SANAA: Triple suicide bombings killed 55 people Friday at mosques in the Yemeni capital attended by Shiite Houthi militiamen who have seized control of the city, medics said. Dozens more were wounded.
One bomb exploded inside Badr mosque in southern Sanaa, and was followed by another at the gate as worshippers fled, witnesses said. The third suicide bomber targeted Al-Hashahush mosque in northern Sanaa.
The Huthi militia’s Al-Massira television said hospitals in the capital had made urgent appeals for blood donations.
There was no immediate claim of responsibility.
The attacks are the deadliest since a car bomb killed 40 people and wounded dozens more at a police academy in Sanaa in January as recruits lined up to register. Yemen’s top security body blamed Al Qaeda for that blast although a leader of the jihadist network denied responsibility.
The Houthis overran Sanaa in September and have since tightened their grip on power. Their attempts to extend their control into other areas have been met by deadly resistance from Sunni tribes and Al Qaeda.
Front line against Al-Qaeda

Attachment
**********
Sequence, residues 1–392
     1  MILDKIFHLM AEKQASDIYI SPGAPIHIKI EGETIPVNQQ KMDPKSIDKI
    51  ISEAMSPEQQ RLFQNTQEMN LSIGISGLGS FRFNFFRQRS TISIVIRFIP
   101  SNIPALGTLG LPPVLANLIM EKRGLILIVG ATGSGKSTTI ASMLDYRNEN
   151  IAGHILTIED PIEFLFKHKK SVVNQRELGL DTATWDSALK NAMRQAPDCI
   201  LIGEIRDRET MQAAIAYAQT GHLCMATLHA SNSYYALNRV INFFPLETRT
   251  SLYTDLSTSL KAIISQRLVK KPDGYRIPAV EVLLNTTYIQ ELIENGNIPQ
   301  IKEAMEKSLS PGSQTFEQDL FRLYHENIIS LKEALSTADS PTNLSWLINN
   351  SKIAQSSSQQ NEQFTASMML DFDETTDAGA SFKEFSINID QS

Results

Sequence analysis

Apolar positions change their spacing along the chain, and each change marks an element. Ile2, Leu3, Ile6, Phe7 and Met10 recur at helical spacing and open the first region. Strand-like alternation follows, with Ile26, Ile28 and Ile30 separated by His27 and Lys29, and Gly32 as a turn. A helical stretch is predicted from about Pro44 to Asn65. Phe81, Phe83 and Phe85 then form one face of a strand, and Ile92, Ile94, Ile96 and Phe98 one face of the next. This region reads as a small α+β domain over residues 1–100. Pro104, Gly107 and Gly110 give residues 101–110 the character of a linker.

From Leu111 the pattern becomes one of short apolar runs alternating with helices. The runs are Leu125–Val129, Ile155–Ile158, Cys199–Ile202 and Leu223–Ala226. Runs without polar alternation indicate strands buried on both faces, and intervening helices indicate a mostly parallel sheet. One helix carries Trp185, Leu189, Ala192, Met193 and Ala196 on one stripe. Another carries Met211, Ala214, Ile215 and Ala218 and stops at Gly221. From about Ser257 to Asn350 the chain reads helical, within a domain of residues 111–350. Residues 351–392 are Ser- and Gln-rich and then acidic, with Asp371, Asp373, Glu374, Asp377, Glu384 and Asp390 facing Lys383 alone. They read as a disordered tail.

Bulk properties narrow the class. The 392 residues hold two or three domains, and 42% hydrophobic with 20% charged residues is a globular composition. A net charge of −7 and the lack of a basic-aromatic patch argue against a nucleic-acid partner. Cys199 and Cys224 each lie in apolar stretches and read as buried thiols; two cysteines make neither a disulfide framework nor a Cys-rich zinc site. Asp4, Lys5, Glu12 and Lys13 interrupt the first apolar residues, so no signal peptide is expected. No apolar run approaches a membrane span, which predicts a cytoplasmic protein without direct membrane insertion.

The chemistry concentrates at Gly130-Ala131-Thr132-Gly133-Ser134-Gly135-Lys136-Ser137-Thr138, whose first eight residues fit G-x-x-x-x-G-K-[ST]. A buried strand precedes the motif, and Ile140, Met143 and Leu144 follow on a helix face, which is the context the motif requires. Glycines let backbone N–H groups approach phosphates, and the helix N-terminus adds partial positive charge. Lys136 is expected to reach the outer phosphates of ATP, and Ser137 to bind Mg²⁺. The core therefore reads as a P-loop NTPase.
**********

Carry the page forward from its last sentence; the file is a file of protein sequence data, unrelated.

Al Qaeda in the Arabian Peninsula (AQAP) is regarded by the United States as the extremist network’s deadliest branch. Yemen, a front line in the US war on Al Qaeda, has descended into chaos since the 2012 ouster of longtime strongman Ali Abdullah Saleh, who has been accused of backing the Houthis.
President Abedrabbo Mansour Hadi escaped Houthi house arrest in Sanaa last month and fled to the southern city of Aden, where violence has erupted in recent days.
A security official said Friday that a top Yemeni officer linked to the Houthis had escaped an assassination bid near Aden overnight. Four people were killed in an ambush on the Lahj-Taiz road but General Abdel Hafedh al-Sakkaf, the special forces chief in Aden, escaped unharmed, said the official from Lahj.
He said the attack took place in Al-Athawir as Sakkaf fled Aden in a convoy to Lahj, on its way towards militia-held Sanaa.
“He escaped the assassination bid but a bodyguard was shot dead, while three others died when their vehicle overturned,” the official said.
The attack came as forces loyal to Hadi tightened their control over Aden where the situation was calm early Friday. Troops loyal to Hadi and their allied Popular Committees paramilitary manned checkpoints, an AFP correspondent reported.
Hadi himself had to evacuate a presidential palace in Aden on Thursday after a fighter jet opened fire, hitting a nearby hill. At least seven special forces fighters and four members of the Popular Committees were killed in clashes in Aden on Thursday, security sources said, and 54 were wounded on the two sides.
The violence forced the closure of the city’s airport, which Sakkaf’s forces tried to seize but were repelled by pro-Hadi troops and paramilitaries. Following the Houthi takeover of Sanaa, Saudi Arabia and other Gulf countries moved their embassies to Aden and several Western missions closed their doors in the capital because of security concerns.